Kyrgyzstan is the only country in the region to provide some degree of media pluralism. Kyrgyzstan's press freedoms has been improving steadily since independence, it is now ranked 85th in the 2016 World Press Freedom Index, the best score in Central Asia.
Television is the most popular conduit of media in Kyrgyzstan, although radio and newspapers do have a good following. Internet based media popularity is rising with the increased access to the internet.
For the most part the media is open and free and reflects the Kyrgyz desire for a working democracy, however it is far from perfect. Although the existing problems should not diminish the achievements and improvements that has been made in the last decade in terms of press freedom and the building of a free society.
The nature of the media reflects the nature of the government as a parliamentary democracy, as there is a free press and an active civil society. However self-censorship still exists in certain areas such as security, elections and negative views of the administration. Media owners still dictate the direction and the editorial priorities of their outlets themselves. This influence coupled with the owner’s relationships with certain political parties or figures allows for bias coverage. This is compounded by the general lack of investigative and analytical journalism. particularly during elections. The state media in the past has been accused of being a propaganda piece of the state, at present there still is a bias towards the administration but not on the same scale. During elections, other parties have had difficulty accessing coverage outside of paid or free campaign spots.
In terms of press legislation Kyrgyzstan offers a degree of media protection. However, mishandling of certain laws has caused difficulties. In the 2011 election new media legal provisions meant that the media were hesitant to be too critical of administration figures. This was due to the lack of knowledge of the new legal restraints, which had only recently been applied before the election.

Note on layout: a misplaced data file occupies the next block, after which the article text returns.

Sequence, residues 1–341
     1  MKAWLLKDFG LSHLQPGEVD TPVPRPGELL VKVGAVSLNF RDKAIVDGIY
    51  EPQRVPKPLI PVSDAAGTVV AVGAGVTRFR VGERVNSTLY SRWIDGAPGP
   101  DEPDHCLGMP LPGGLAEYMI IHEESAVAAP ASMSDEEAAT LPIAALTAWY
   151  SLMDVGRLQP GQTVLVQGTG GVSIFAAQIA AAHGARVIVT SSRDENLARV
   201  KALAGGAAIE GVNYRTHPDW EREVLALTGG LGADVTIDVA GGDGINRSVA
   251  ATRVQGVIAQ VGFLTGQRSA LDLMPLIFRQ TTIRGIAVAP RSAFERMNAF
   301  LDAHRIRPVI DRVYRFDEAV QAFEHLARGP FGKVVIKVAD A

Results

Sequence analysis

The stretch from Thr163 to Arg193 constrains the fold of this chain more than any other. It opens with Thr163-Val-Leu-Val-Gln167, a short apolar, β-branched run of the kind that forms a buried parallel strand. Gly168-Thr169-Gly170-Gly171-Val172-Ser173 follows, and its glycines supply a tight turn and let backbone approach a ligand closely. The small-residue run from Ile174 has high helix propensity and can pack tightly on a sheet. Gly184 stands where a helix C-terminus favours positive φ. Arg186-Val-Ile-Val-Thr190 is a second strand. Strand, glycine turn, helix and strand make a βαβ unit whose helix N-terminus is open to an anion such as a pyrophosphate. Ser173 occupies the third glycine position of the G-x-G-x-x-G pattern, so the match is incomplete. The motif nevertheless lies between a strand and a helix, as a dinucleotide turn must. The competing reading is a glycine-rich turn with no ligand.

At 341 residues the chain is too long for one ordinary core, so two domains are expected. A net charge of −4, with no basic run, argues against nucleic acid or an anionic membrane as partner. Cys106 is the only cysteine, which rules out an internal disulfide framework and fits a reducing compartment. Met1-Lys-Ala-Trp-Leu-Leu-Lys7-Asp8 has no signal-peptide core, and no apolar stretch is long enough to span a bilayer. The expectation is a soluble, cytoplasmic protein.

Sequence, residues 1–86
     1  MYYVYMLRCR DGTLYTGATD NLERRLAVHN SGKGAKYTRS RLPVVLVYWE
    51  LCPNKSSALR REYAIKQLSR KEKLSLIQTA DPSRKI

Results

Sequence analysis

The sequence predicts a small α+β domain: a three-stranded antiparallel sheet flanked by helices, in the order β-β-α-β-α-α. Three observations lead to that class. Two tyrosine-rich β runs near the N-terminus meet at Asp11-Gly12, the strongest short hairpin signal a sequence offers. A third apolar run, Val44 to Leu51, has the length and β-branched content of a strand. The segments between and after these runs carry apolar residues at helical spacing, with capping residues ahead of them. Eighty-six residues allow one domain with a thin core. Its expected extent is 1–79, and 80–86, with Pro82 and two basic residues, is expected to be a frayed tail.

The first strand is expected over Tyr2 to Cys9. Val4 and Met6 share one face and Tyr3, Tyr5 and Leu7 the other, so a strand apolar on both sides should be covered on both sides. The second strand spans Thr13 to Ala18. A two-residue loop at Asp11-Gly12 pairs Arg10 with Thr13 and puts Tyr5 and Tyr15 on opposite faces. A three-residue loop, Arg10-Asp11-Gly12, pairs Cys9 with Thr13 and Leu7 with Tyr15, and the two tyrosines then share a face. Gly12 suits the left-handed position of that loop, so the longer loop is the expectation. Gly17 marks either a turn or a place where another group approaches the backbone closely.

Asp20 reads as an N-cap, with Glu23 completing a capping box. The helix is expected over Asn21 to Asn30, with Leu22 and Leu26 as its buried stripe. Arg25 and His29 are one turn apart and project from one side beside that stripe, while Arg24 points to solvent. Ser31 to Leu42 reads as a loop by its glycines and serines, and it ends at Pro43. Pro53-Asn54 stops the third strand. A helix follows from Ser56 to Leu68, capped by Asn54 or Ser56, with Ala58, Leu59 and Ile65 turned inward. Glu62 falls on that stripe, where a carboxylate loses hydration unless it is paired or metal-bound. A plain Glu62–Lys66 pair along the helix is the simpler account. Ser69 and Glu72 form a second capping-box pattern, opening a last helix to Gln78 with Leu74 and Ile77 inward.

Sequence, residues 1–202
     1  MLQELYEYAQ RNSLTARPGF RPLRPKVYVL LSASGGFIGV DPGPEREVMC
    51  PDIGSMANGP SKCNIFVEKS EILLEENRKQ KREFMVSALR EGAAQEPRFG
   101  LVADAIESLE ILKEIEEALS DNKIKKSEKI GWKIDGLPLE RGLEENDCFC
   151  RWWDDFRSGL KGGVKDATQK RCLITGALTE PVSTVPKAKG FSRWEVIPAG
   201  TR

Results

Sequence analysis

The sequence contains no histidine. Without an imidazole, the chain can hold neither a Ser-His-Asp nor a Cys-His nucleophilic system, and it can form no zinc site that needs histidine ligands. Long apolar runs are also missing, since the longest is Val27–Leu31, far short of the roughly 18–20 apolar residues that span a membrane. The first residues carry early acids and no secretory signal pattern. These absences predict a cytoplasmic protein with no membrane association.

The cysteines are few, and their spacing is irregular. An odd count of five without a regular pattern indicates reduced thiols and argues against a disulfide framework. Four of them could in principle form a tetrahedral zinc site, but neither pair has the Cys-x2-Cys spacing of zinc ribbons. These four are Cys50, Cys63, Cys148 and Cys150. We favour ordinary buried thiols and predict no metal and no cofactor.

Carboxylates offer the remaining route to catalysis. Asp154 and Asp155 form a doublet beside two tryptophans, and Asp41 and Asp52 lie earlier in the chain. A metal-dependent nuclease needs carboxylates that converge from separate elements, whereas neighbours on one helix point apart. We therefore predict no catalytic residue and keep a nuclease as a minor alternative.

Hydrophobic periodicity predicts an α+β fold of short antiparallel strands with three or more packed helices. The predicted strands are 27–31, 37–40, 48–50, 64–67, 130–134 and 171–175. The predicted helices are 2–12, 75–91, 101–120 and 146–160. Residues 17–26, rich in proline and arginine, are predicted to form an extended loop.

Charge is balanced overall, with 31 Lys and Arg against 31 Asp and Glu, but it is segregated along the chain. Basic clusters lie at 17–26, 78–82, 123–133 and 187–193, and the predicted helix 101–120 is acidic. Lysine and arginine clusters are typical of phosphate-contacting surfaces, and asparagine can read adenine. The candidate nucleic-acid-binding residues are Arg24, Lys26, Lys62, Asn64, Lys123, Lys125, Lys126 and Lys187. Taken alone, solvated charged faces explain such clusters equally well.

Recently there have been attempts to reintroduce punishments for media offences, alongside a proposed ban on ‘homosexual propaganda’. However, Kyrgyzstan’s civil society has been able to influence and disrupt many attempts by the government to push through certain media laws. This is a clear example of the active nature of the press and civil society and how they can act independently to government wishes.
Currently there is little direct state influence over the media, nothing compared to the full media control experienced by previous Kyrgyz presidents. State media is generally fair and gives a good coverage of the political landscape. The level of bias that exists today is based more around informal relationships between editors, owners and politicians.
Kyrgyz National TV and Radio Broadcasting Corporation - state-run, operates four networks including flagship First Channel
EITR (Public TV and Radio) - based in southern city of Osh
Channel Five - private, near-national coverage
Osh TV - private, Osh
NBT (Independent Bishkek TV) - private, Bishkek
NTS (New TV Network) - private, Bishkek
Kyrgyz National TV and Radio Broadcasting Corporation - state-run
Kyrgyzstan Obondoru (Kyrgyzstan Melody) - leading private station
Europa Plus - private, Bishkek, Osh
Hit FM Bishkek – private
Internet-based news agencies